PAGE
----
Outlook: Investors sent shares of Coinbase (COIN) plunging 12% on Tuesday after considerable foreshadowing in the months prior. In the article, The Downtrend Could Be Stronger Than You Think, SA Investing Group Leader Danil Sereda called the extended slump - following the SEC enforcement action in March - and followed up with another piece Coinbase Stock: Don't Fight The SEC at the beginning of May. Coinbase's woes don't end with legal trouble. The company recently reported its fifth consecutive quarterly loss, while suffering nearly $1.3B of net customer outflows following yesterday's lawsuit. Overall, the stock is down 80% since its direct listing on the Nasdaq in April 2021. (8 comments)
Bringing an end to a bitter split in the golf world, the PGA Tour and upstart Saudi-backed rival LIV Golf have announced a merger to unify the sport and its players. Perhaps the most immediate commercial upshot of the deal is a boost to media coverage of the sport, with all its stars coming together as one. LIV Golf drew key players away from the PGA Tour, but then had serious trouble getting media organizations interested in paying it for its events: ESPN (NYSE:DIS), CBS (NASDAQ:PARA), NBC (NASDAQ:CMCSA) and Fox (FOX) all passed on covering the league, while some already had existing deals with the PGA Tour. Other broadcasters and golf-related stocks are also on watch. (132 comments)
New York City has joined other major U.S. cities in suing Hyundai Motor (OTCPK:HYMTF) and Kia (OTCPK:KIMTF). It alleges that the South Korean automakers were negligent and created a public nuisance by manufacturing vehicles "dangerously susceptible" to theft. The controversy surrounds immobilizers, and a failure to install them in their cars for much of the past decade. Around 977 Hyundai and Kia vehicles were reported stolen in NYC in the first four months of 2023, up ~660% when compared to the same period a year earlier. (9 comments)
U.S. wheat futures in Chicago (W_1:COM) are on the move again amid fears of an escalation in the war in Ukraine. Torrents of water are flowing through a hole in the Russian-controlled Nova Kakhovka dam, which holds as much water as the Great Salt Lake in Utah, threatening hundreds of thousands of people with imminent flooding. Separately, Ukraine said an ammonia pipeline was damaged by Russian shelling in the Kharkiv region. The incidents add to wheat supply worries as dry weather occupies part of Europe and Russia, which helped lift U.S. and European futures earlier this week. (7 comments)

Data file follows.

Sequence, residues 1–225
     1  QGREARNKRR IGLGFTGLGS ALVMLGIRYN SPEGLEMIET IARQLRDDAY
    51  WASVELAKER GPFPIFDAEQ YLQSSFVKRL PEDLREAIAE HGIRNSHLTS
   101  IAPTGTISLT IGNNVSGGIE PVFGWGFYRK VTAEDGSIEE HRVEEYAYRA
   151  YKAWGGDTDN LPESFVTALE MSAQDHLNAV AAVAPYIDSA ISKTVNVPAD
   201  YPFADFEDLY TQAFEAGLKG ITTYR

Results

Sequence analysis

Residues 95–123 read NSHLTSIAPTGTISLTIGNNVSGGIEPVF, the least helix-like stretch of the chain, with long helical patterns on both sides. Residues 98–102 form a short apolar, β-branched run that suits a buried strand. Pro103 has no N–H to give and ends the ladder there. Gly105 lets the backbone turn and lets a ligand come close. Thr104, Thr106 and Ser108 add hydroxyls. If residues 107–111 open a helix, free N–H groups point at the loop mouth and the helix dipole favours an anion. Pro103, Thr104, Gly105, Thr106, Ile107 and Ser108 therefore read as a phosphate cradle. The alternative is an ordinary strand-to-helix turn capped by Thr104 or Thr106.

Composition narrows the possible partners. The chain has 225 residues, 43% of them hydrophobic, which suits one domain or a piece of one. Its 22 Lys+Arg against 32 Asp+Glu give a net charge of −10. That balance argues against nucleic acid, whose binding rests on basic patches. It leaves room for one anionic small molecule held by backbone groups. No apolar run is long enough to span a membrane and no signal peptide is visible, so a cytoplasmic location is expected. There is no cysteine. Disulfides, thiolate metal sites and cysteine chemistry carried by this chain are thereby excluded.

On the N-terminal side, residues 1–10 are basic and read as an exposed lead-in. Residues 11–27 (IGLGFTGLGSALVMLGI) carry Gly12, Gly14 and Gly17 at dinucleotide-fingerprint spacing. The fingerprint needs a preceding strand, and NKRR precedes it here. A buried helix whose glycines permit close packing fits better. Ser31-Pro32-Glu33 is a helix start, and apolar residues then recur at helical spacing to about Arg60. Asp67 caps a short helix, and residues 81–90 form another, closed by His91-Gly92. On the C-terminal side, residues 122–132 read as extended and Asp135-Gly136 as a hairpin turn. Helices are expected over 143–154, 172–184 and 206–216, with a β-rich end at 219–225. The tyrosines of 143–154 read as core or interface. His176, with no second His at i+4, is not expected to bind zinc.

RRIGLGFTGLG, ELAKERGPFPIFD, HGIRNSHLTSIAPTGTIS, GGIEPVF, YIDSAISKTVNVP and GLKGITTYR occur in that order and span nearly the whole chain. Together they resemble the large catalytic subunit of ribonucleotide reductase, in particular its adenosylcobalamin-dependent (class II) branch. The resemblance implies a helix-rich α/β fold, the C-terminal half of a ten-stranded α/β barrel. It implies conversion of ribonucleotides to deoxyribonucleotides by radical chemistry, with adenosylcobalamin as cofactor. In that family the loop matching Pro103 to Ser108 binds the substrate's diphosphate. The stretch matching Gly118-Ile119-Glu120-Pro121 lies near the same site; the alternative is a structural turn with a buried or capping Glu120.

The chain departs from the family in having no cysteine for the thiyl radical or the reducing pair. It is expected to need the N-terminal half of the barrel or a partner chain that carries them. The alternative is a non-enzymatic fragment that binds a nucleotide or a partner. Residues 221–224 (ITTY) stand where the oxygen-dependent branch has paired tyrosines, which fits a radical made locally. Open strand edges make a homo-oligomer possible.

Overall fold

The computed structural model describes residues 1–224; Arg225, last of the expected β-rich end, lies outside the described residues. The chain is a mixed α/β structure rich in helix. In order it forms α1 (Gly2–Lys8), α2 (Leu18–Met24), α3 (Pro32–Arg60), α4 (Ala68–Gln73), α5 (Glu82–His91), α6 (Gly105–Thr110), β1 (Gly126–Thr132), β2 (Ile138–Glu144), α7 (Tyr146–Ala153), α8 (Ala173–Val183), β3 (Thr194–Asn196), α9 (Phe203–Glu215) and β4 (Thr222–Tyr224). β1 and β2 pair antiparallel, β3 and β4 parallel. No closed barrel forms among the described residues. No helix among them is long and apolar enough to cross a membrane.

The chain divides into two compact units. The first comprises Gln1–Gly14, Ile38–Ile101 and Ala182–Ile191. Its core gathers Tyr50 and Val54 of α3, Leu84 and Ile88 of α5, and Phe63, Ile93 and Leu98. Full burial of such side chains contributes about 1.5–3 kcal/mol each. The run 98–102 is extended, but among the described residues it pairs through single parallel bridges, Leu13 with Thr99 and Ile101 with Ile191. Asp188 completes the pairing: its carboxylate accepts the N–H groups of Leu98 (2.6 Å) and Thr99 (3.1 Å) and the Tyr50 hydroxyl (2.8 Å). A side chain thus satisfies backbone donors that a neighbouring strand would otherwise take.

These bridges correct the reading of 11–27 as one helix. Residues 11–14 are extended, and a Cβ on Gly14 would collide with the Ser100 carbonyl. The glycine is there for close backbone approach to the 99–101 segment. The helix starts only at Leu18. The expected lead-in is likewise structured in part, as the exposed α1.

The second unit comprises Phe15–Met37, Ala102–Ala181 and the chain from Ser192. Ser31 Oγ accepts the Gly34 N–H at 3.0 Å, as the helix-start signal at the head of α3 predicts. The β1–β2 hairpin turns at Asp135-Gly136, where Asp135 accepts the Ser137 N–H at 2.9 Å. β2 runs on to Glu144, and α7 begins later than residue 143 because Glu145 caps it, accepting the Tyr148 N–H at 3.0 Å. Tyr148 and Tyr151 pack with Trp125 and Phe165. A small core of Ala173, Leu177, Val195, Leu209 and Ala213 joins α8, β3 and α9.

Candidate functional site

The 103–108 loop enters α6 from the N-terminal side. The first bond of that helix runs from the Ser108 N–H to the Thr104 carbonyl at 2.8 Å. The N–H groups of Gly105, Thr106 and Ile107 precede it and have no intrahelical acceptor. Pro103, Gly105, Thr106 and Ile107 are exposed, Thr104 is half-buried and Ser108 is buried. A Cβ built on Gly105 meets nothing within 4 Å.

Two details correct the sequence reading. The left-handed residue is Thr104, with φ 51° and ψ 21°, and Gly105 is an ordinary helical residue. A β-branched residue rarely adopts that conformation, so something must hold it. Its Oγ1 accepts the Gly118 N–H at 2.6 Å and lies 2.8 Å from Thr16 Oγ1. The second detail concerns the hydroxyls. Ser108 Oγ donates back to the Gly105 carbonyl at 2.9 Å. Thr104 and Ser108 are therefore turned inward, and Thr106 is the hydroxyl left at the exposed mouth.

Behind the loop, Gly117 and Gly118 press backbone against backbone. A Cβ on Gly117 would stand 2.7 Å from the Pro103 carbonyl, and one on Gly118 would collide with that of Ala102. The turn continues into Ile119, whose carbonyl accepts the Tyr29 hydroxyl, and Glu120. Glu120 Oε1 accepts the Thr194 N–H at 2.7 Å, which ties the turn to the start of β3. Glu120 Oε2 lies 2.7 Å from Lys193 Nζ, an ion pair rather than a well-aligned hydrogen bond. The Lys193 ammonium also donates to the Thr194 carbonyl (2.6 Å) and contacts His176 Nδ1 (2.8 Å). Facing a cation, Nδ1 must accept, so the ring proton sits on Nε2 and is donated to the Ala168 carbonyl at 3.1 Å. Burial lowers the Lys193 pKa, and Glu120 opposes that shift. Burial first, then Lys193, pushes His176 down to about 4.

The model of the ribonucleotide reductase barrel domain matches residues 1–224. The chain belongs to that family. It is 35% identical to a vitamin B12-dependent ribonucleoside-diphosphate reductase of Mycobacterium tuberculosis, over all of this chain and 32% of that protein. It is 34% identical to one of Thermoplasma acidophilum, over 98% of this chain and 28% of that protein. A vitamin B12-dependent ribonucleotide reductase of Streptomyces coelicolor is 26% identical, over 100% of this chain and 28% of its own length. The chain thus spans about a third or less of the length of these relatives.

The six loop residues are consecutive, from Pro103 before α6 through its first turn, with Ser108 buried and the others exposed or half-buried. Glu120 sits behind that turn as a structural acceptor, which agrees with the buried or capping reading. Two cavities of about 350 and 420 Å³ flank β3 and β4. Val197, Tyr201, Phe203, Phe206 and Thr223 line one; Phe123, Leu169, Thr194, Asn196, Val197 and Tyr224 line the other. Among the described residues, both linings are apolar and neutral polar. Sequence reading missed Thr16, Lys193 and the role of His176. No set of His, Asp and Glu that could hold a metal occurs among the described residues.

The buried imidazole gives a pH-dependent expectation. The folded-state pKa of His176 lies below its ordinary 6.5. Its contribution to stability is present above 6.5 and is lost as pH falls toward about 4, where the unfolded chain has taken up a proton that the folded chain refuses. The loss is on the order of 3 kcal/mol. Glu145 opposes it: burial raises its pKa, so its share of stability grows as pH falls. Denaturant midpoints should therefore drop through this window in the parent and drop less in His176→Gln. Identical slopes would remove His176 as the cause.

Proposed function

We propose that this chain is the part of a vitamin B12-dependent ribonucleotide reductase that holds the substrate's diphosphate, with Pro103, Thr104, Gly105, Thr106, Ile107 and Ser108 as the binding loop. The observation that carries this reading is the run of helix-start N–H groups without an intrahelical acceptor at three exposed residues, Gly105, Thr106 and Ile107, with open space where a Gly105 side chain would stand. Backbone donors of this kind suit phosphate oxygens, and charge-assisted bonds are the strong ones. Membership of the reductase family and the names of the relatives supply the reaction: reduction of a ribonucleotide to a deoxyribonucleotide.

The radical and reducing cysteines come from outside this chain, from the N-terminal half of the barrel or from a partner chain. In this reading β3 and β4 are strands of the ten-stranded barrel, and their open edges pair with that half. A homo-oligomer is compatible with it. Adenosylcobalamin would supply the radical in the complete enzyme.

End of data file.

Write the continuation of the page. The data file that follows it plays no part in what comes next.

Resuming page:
In Asia, Japan -1.8%. Hong Kong +0.8%. China +0.1%. India +0.6%.
In Europe, at midday, London +0.1%. Paris -0.1%. Frankfurt -0.1%.
Futures at 7:00, Dow -0.03%. S&P +0.1%. Nasdaq -0.02%. Crude +1.1% to $72.56. Gold -0.1% to $1979.90. Bitcoin +3.3% to $26,606.
Ten-year Treasury Yield -1 bp to 3.69%
Today's Economic Calendar
What else is happening...
BlackRock: ‘We don’t see major central banks coming to the rescue’.
Goldman back to one-in-four chance of recession as SVB dust settles.
Boeing (BA) stock declines on delay in 787 Dreamliner airplane deliveries.
Ford (F) nears deal to sell its plant in Germany, Chinese automakers lead bids.
General Electric (GE) to sell stake in GE HealthCare (GEHC) valued at $2B.
Merck (MRK) sues U.S. government to halt Medicare drug pricing program.
Canopy Growth (CGC) booted from Canada's S&P/TSX Composite Index.
Shopify (SHOP) stock jumps after closing sale of logistics unit to Flexport.
Apple (AAPL) acquires AR start-up Mira as it pushes new headset vision.
Tingo (TIO) plunges amid new short report from Hindenburg Research.